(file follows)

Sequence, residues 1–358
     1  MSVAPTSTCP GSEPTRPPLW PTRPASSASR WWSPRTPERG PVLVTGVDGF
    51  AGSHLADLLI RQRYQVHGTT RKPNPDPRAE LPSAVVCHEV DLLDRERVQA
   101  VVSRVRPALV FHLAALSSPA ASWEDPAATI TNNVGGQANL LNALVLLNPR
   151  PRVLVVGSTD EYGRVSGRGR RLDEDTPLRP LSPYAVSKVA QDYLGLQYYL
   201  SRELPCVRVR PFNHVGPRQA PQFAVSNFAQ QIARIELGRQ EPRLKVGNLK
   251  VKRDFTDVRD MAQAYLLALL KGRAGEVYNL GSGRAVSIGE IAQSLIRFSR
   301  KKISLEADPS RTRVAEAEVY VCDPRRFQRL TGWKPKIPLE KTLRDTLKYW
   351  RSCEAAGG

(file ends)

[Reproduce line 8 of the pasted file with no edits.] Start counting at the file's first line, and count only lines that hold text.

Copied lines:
   301  KKISLEADPS RTRVAEAEVY VCDPRRFQRL TGWKPKIPLE KTLRDTLKYW